The Roar
The Roar


He is unplayable on a green top and he doesn't play cricket

Roar Guru
13th December, 2016

There is an Indian who is unplayable on green tops and his name is not Kapil Dev, Javagal Srinath, Mohammed Shami or Bhuvi Kumar.

He is an unassuming 32-year-old they call ‘The Prince of India’.

His name – Pankaj Arjan Advani.

A 12-time World Billiards champion. That’s right. Twelve.

A four-time IBSF World Snooker champion.

This would be enough to get by with for most people. But Pankaj Advani is hungry and eager for more.

When he won his most recent world championship beating Singapore’s multiple Peter Gilchrist this Monday, Pankaj Advani surprised even himself with his dominating display.

Blessed with passion, natural ability and dedication for the sport, Pankaj’s career has seen many firsts. He is the only person in the history of the game to have won both the billiards and snooker IBSF world titles as well as the World Professional Billiards Championship.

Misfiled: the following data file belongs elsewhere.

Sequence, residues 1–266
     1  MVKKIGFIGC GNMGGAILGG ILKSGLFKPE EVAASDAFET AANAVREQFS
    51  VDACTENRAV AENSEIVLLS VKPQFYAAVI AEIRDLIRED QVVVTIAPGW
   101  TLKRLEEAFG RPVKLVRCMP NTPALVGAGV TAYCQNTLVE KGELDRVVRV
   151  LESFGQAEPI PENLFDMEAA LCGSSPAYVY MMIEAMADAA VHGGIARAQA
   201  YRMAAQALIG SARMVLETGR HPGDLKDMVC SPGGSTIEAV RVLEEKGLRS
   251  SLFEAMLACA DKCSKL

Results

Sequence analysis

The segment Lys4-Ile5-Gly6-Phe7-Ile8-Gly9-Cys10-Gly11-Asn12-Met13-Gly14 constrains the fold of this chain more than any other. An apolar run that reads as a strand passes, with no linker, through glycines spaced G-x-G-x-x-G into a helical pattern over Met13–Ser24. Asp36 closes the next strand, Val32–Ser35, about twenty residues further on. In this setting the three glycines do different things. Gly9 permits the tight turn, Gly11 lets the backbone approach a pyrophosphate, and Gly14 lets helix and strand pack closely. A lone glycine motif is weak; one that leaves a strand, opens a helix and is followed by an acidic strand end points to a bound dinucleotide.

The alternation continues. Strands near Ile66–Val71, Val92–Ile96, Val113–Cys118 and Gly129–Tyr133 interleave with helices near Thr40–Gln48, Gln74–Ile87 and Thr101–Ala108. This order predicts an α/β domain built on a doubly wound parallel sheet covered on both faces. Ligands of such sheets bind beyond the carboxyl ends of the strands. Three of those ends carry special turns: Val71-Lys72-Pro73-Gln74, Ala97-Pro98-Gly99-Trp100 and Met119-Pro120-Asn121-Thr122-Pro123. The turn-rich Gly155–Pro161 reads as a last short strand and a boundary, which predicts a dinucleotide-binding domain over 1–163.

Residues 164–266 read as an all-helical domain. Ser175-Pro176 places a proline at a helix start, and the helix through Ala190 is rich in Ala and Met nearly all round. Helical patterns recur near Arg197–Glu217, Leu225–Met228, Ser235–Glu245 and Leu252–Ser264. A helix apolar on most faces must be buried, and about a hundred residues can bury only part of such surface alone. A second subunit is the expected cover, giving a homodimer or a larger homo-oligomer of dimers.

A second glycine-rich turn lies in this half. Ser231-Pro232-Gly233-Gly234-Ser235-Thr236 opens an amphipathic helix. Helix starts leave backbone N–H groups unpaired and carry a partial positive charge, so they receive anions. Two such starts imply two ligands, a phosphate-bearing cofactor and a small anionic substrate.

He was the first person ever to win a ‘Grand Double’ (both the points and time formats in the same year) at the IBSF World Billiards Championships 2005. He repeated the same feat at the 2008 Championships held in Bangalore.


Pankaj was only six months into college when he won the Men’s World Snooker Championship in China at the age of 18.

He has certainly come a long way since then.

Incredible as it may sound, in all his years playing billiards and snooker, he’s has only ever used three cues!

What is truly astonishing about Advani’s achievements is that billiards is not just a young man’s game.

The two giants straddling the game today, Mike Russell and Peter Gilchrist, are 47 and 48 years old respectively. Just before the finals where he lost to Advani, Peter Gilchrist told the Straits Times that he expects to play for another 10 to 15 years as long as he stays fit.

If young Pankaj Advani retains his passion for the game for another 25 years, given his incredible achievements already at the age of 32, it is mind boggling to imagine where he could end up.

On his next visit to Ikea, a couple of trophy cabinets are likely to figure prominently on the shopping list.

It will be a very wise investment.